I'm sure everyone here is familiar with the old fable called Stone Soup. There have been many iterations of it through the ages, in almost all cultures. It has been made into a children's book several times.
The story is basically the same. A poor traveler is in a village. No one will give him any food, and the villagers are pretty solitary and selfish. The traveler proceeds to fill a large pot with water, light a fire, and places a large stone in the pot.
When villagers come by to ask what he's doing, he says he's making stone soup, but that it's not quite right, and needs a little extra seasoning and flavor. One villager brings a carrot, one brings an onion, and so on. By the time the whole village has contributed, the traveler has a pot of very excellent soup, which the entire village shares.
This becomes a great project for kindergarten classes, as each student brings something from home and they make their own version of stone soup.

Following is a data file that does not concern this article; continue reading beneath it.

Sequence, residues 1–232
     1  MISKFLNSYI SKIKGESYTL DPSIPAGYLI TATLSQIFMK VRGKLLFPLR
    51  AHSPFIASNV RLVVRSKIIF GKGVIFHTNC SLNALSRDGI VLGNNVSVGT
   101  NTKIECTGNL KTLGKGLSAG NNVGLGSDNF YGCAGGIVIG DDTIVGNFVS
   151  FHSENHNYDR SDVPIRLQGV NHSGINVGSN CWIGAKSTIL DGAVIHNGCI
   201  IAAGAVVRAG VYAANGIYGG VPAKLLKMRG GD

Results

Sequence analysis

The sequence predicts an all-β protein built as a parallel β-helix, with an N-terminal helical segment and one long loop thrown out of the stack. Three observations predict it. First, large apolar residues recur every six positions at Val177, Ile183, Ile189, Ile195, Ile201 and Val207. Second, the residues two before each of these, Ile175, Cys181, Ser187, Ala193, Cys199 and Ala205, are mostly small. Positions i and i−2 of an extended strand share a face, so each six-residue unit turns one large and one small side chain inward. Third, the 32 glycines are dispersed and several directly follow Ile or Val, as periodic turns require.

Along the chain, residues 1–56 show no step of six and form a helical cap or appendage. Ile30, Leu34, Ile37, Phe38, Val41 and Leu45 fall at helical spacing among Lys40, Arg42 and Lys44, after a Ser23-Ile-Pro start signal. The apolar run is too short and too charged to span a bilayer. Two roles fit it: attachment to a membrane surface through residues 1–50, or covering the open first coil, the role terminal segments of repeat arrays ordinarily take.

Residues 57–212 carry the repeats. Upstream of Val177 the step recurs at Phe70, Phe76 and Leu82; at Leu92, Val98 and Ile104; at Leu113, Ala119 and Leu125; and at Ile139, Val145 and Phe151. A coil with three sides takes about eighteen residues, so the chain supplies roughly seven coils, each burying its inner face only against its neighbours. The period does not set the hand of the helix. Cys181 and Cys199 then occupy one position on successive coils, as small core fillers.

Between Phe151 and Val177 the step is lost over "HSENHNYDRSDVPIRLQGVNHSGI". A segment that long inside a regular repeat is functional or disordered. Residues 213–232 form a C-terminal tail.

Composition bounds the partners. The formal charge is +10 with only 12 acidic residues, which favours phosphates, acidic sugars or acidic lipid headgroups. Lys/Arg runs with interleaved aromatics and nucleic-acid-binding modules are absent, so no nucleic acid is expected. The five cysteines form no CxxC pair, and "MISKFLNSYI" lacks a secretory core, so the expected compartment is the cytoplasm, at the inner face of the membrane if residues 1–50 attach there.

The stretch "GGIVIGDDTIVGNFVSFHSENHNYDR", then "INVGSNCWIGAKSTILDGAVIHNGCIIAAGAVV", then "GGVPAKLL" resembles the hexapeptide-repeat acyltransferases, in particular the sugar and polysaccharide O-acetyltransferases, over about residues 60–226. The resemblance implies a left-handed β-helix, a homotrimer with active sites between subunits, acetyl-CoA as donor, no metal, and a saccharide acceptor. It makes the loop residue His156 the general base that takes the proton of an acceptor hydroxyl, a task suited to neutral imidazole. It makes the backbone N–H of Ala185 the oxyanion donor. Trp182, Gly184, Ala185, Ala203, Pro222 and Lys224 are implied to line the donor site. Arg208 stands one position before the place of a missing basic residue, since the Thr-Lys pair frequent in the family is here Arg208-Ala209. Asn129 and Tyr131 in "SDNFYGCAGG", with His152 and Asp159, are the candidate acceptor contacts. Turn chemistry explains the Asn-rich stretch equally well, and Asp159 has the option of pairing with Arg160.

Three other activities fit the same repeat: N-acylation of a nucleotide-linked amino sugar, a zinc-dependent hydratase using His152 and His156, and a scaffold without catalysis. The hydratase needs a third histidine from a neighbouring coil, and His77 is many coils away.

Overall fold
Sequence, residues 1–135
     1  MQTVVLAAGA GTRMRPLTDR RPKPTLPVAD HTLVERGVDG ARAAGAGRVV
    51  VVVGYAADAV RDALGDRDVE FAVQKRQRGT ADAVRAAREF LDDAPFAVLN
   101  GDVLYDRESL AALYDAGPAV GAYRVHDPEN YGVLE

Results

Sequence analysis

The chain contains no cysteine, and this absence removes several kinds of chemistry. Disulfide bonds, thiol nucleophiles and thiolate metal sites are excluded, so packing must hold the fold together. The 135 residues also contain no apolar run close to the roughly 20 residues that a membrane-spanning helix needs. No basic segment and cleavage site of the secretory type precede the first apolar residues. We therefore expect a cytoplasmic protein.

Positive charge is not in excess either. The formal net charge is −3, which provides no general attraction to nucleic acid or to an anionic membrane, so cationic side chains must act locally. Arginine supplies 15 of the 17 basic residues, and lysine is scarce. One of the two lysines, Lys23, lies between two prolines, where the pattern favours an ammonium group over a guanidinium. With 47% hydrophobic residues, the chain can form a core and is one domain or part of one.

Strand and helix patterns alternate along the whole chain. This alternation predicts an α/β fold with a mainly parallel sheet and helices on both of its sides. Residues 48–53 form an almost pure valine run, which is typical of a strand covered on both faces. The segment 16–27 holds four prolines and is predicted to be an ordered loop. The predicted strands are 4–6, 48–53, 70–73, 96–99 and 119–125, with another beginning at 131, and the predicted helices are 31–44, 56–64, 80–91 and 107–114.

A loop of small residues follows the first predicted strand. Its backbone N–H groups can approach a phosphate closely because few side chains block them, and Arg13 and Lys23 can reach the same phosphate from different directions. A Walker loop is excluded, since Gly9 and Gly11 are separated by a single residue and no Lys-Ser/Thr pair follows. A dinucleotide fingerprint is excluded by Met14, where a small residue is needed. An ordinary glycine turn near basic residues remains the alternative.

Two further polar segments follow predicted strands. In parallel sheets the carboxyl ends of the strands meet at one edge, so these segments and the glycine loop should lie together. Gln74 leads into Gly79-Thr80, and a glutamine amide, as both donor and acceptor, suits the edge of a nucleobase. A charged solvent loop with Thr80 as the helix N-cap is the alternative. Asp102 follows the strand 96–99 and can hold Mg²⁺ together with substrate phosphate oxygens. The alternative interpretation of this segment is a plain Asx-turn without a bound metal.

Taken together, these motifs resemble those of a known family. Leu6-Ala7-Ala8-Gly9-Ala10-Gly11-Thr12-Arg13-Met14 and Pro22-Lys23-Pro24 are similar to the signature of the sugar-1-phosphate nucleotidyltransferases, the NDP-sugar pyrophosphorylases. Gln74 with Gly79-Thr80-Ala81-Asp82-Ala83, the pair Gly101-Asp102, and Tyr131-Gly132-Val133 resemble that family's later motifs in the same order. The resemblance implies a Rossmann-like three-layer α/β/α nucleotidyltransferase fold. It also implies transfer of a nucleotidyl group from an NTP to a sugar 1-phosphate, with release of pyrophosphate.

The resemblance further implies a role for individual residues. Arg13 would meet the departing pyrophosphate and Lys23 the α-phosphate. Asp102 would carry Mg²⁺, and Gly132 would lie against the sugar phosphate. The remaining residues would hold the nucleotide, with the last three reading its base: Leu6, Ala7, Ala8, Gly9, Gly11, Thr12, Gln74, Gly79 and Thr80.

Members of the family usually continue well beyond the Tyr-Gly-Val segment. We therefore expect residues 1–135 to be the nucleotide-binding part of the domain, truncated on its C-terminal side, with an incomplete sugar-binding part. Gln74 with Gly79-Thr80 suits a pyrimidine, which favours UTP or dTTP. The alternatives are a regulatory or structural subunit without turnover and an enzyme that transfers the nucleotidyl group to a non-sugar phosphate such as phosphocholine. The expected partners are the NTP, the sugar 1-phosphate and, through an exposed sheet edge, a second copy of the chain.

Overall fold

The moral of the story is all about sharing and community, of course, but culinarily speaking, it's also about the history of soup.
NOTE: All photos used are stock (Oh look--a pun!) photos and do not reflect either my cooking style or my finished products, which I feel are far superior to what you see in these photos.
Basically, soup is what happens when you cook by immersing food in water. The water extracts and absorbs the flavors of whatever you put into it. This includes nutrients and fat. While roasting and grilling were the first forms of cooking, cooking in water was the second. And cooking in water has a happy side effect: Not only is what you put into the water cooked, but the water itself changes and becomes a flavorful and nutritious food.
There are, of course, may many styles of soups out there. I'm going to talk about the most basic kind. A good, hearty broth. You know the kind--the kind that makes your lips sticky. You KNOW that just that liquid is packed with so much protein and other good stuff that you don't even need meat.
So let's begin at the beginning. A BIG pot of water. So now you have a pot of water. What do you do with it? This is where the magic of water happens. You begin with a bone.
What kind of bone?
Whatever you want. For beef, I prefer the big knuckle bones. There's lots of connective tissue on them. Also, shank bones are good because of the marrow in them. With regards to chicken, you have the wings, neck, back, and the carcass after you trim your whole raw chicken. Did you have a ham for dinner the other day? Did you save the bone (with some meat on it?) How about a leg of lamb? Did you save that bone as well? Bones are the beginning.